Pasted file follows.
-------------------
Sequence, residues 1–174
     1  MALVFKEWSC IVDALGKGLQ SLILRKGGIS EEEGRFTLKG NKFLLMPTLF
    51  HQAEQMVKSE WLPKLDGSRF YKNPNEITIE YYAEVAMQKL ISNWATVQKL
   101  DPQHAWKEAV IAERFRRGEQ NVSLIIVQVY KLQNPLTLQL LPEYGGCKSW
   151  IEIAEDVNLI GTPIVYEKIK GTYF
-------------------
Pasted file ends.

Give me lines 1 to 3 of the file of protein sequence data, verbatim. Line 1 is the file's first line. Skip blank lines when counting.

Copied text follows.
Sequence, residues 1–174
     1  MALVFKEWSC IVDALGKGLQ SLILRKGGIS EEEGRFTLKG NKFLLMPTLF
    51  HQAEQMVKSE WLPKLDGSRF YKNPNEITIE YYAEVAMQKL ISNWATVQKL